In compelling interviews by the acclaimed Leonard S. Marcus, twenty-one top authors and illustrators reveal their inside stories on the art of creating picture books.
Max and Mickey; Miss Nelson; Pack, Quack, and Mrs. Mallard; Pigeon; Sylvester; John Henry; and a very hungry caterpillar — these are just a few of the beloved picture book characters discussed in Show Me a Story. Renowned children’s literature authority Leonard S. Marcus speaks with their creators and others — twenty-one of the world’s most celebrated authors and illustrators — and asks about their childhood, their inspiration, their determination, their mentors, their creative choices, and more. Amplifying these richly entertaining and thought-provoking conversations are eighty-eight full-color plates revealing each illustrator’s artistic process from sketch to near -final artwork in fascinating, behind-the-scenes detail. Why do children love and need picture books so much? Recasting and greatly expanding on a volume published in 2002 as Ways of Telling, Leonard S. Marcus confirms that picture books matter because they make a difference in our children’s lives.
About the Author
Leonard S. Marcus is one of the world’s leading writers about children’s books and their illustrations. His many books include The Wand in the Word: Conversations with Writers of Fantasy; Funny Business: Conversations with Writers of Comedy; Dear Genius; and others. His essays, interviews, and reviews appear in the New York Times Book Review, among other publications. About Show Me a Story!, he says, “Our favorite picture books speak to us at the start of life and continue to speak to us for the rest of our lives. I find that an amazing achievement.” Leonard S. Marcus lives in Brooklyn.
These discussions of the relationship between artists’ lives and the stories they produce, preferences regarding medium or style, and the unique confluences of circumstance, market and passion are indubitably worthwhile. —Kirkus Reviews
Eighty-eight plates round out the engaging portraits and take readers through the creative process from early sketch to finished piece. Artistically inclined teens will find much to inspire them here, but they are not the obvious audience. Rather, these compelling interviews—and foreword by David Weisner—will reinforce what teachers, librarians, and parents already know: picture books matter. —Booklist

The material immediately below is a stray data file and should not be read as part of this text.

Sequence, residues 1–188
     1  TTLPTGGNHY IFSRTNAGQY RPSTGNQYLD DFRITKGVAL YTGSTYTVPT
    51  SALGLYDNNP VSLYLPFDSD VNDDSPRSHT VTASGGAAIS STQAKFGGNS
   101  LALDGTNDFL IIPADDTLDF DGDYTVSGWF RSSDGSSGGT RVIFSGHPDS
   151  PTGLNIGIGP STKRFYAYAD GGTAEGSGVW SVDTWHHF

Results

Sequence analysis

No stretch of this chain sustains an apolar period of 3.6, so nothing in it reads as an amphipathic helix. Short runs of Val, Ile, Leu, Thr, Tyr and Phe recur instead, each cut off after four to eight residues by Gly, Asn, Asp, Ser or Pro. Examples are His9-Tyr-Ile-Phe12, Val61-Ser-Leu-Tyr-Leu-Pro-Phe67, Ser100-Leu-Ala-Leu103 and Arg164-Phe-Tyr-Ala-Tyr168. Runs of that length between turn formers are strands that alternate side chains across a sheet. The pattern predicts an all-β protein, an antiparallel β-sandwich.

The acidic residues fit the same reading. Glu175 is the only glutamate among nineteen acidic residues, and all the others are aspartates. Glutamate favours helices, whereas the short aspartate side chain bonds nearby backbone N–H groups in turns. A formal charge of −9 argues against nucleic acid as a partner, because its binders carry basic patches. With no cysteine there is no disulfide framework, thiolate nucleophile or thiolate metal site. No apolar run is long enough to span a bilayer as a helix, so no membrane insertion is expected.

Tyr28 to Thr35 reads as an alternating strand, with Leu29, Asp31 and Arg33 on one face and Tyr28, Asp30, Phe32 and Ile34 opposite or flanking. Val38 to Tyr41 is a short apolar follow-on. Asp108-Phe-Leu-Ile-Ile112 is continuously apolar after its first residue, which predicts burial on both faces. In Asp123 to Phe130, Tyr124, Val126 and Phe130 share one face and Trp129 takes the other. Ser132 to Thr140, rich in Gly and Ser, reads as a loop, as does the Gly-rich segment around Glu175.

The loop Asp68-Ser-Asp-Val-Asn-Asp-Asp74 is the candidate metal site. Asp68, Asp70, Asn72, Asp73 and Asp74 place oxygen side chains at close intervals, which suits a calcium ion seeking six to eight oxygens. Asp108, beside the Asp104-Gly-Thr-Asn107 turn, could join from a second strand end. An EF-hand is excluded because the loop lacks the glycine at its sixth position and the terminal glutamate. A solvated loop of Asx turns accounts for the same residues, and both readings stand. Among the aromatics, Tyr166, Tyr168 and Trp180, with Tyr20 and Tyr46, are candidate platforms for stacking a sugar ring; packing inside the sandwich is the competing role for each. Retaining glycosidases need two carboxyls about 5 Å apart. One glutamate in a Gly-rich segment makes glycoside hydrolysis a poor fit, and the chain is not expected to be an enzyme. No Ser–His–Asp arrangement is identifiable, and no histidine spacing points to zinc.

Along with the artists’ eloquent musings on their sources of inspiration, Marcus’s disarming queries elicit a fine array of revealing experiences, methods of working, and motivations for illustrating for children. —The Horn Book
Marcus is the master of asking questions, most often dealing with childhood and the discovery of artistic talent, that invite deep and detailed responses. Thus, information and insights shared by the interviewed artists are revealing and sometimes unexpected.Who knew that in her youth Vera Williams was truly a free spirit, that Sir Quentin Blake is now a Knight of the Realm, or that Maurice Sendak is such a fragile and tortured soul? —VOYA
This volume provides inspiration and insight into the creative process. —School Library Journal
Could be considered like chatting with your favorite American children's book authors while gathered around the kitchen table. And oh, the stories they'll tell. —ForeWord Reviews
Along with Sendak, 20 other artists discuss in these pages their work, their childhoods and their years of creative development. In the process, we get some endearing insights into the origins of certain much-beloved books. —The Wall Street Journal